Undeterred, they fall back on propaganda: implying – rather than stating outright – that if it wasn’t for all the money being “wasted” on Latino and Black welfare recipients, poor whites could almost wallow in luxury! It’s sheer nonsense of course, but they can hardly tell people the truth: that shortage of funds for welfare payments (if true) can only be the result of corporate greed.

Poverty is endemic across the US. However, the poverty rate among people of colour is higher than among whites. Consequently, the need for social programs is correspondingly higher, too. But the Republican Right is not concerned with logic, still less with humanity. They are concerned with building a power base, so they resort to lies, half-truths and distortions.

The task of ensuring that the Blacks and coloureds stay in their place falls to the USA’s massive militarised police forces and law enforcement agencies (for many years when J Edgar Hoover headed the FBI, that organisation gave serious attention to ways of preventing “the coming Black uprising”). In a culture where virtually all young Black men are regarded as potential criminals, and possession (and use) of guns is common place, the killing of young Black men in particular by the police is also distressingly commonplace. So commonplace in fact, that it has generated the active and significant “Black lives matter” movement.

The role of police forces under capitalism is to safeguard the rule of capital, to protect private property, the wealthy and corporate power. Racism, historically a major tool of capitalism, pervades all the activities of capitalism’s police forces. Young Black men are arrested in grossly disproportionate numbers and make up the bulk of those unfortunates confined in the private industrial prisons that have spread across the USA, providing US capitalism with a new form of highly profitable slave labour.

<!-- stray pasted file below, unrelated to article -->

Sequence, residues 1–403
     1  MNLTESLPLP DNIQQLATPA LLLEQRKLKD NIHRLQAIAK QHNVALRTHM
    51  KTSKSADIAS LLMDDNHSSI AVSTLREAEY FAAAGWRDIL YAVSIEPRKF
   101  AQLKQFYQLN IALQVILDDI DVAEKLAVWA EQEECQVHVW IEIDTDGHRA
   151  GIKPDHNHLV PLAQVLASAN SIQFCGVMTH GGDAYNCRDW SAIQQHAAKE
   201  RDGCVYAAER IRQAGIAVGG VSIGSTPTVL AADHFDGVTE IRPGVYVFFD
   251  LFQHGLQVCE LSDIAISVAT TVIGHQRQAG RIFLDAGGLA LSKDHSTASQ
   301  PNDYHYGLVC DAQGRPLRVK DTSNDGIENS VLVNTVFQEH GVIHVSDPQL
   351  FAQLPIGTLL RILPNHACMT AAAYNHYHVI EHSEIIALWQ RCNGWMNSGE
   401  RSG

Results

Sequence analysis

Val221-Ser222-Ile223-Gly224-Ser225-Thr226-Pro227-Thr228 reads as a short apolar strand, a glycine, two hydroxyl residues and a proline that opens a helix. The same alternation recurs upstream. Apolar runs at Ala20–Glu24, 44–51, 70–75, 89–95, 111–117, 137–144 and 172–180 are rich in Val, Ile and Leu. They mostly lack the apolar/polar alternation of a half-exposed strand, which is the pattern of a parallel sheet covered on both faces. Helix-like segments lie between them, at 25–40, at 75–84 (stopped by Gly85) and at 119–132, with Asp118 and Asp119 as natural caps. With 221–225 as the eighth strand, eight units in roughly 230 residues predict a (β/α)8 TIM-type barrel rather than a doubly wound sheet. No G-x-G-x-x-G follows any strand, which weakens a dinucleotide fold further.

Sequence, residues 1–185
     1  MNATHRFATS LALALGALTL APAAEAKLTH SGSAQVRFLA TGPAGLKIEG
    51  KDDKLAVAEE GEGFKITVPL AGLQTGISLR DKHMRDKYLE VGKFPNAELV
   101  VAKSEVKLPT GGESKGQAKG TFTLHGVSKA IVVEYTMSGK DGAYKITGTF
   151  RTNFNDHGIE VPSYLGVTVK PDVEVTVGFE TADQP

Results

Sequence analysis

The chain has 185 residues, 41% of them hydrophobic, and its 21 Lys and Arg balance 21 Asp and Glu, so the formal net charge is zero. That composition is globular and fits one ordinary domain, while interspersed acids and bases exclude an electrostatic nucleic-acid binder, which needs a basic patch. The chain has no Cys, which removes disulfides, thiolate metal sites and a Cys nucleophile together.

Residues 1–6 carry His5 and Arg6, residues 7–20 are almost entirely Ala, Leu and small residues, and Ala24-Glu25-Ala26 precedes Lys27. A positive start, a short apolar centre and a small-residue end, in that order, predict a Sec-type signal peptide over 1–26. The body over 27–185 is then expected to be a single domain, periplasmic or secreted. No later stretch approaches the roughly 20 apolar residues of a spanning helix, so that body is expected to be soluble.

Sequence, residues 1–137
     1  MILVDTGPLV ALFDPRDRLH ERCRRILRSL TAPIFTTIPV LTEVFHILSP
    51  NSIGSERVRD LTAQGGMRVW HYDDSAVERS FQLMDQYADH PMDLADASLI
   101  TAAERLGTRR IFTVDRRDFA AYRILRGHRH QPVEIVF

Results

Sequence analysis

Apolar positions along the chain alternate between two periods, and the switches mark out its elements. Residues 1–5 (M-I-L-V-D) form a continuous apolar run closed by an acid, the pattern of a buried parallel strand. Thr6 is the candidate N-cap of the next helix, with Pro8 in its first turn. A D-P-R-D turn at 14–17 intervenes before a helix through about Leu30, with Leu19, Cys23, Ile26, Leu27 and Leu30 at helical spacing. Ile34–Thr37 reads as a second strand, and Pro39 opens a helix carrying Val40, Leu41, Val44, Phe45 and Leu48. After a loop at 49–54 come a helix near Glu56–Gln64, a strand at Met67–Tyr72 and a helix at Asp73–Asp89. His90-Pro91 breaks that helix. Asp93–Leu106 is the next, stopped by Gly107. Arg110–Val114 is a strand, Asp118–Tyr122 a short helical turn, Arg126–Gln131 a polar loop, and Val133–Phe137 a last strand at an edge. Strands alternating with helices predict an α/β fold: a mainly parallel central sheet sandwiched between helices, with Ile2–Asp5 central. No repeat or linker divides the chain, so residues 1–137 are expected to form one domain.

While people of colour demonstrate against police killings, the right-wing calls for “law and order”, which is code for “prevent the Blacks from rioting”. Donald Trump ran for president on an openly racist platform that advocated making welfare payments only to the “deserving” poor (i.e. poor whites). Since taking possession of the Oval Office, his racism has become even more overt and more blatant.

From offending Native Americans with a crude racist slur against Democrat Congresswoman Elizabeth Warren (calling her “Pokahontas”), to pandering to Israel’s desire to conquer and absorb the whole of Palestine, Trump has blended his far-Right politics with crude racism to the delight of his base constituency (uneducated poor whites).

William C Anderson, a contributing editor covering race, class and immigration at the Praxis Centre for the USA’s Kalamazoo College, has pointed out that “White supremacy, too, is a grounding undercurrent of this country’s history and present-day functioning. If the Trump presidency concludes, we will still be faced with a powerful system of oppressions. Until we confront the systems that enabled Donald Trump’s rise to power, we’ll always be at risk of seeing someone like him empowered again.”

Next article – 75th anniversary – Nazi surrender at Stalingrad